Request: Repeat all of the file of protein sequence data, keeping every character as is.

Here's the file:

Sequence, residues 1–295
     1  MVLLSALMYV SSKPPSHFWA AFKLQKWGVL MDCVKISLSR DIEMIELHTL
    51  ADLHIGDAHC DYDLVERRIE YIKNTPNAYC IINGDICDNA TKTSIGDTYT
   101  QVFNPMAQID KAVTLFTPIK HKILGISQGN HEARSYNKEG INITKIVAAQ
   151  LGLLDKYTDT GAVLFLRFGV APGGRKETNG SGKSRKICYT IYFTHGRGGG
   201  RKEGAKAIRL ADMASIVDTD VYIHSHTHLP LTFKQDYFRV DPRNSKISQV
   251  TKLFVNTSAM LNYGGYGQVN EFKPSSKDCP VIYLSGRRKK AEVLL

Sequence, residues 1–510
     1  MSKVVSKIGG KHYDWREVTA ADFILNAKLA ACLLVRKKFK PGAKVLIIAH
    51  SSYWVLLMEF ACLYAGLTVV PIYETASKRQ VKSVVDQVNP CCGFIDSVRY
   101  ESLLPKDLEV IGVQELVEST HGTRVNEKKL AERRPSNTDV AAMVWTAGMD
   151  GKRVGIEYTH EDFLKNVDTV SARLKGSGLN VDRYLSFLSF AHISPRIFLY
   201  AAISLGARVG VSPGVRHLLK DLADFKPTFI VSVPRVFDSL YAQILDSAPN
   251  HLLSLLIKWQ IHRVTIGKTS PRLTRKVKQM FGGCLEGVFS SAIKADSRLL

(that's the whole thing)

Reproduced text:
Sequence, residues 1–295
     1  MVLLSALMYV SSKPPSHFWA AFKLQKWGVL MDCVKISLSR DIEMIELHTL
    51  ADLHIGDAHC DYDLVERRIE YIKNTPNAYC IINGDICDNA TKTSIGDTYT
   101  QVFNPMAQID KAVTLFTPIK HKILGISQGN HEARSYNKEG INITKIVAAQ
   151  LGLLDKYTDT GAVLFLRFGV APGGRKETNG SGKSRKICYT IYFTHGRGGG
   201  RKEGAKAIRL ADMASIVDTD VYIHSHTHLP LTFKQDYFRV DPRNSKISQV
   251  TKLFVNTSAM LNYGGYGQVN EFKPSSKDCP VIYLSGRRKK AEVLL

Sequence, residues 1–510
     1  MSKVVSKIGG KHYDWREVTA ADFILNAKLA ACLLVRKKFK PGAKVLIIAH
    51  SSYWVLLMEF ACLYAGLTVV PIYETASKRQ VKSVVDQVNP CCGFIDSVRY
   101  ESLLPKDLEV IGVQELVEST HGTRVNEKKL AERRPSNTDV AAMVWTAGMD
   151  GKRVGIEYTH EDFLKNVDTV SARLKGSGLN VDRYLSFLSF AHISPRIFLY
   201  AAISLGARVG VSPGVRHLLK DLADFKPTFI VSVPRVFDSL YAQILDSAPN
   251  HLLSLLIKWQ IHRVTIGKTS PRLTRKVKQM FGGCLEGVFS SAIKADSRLL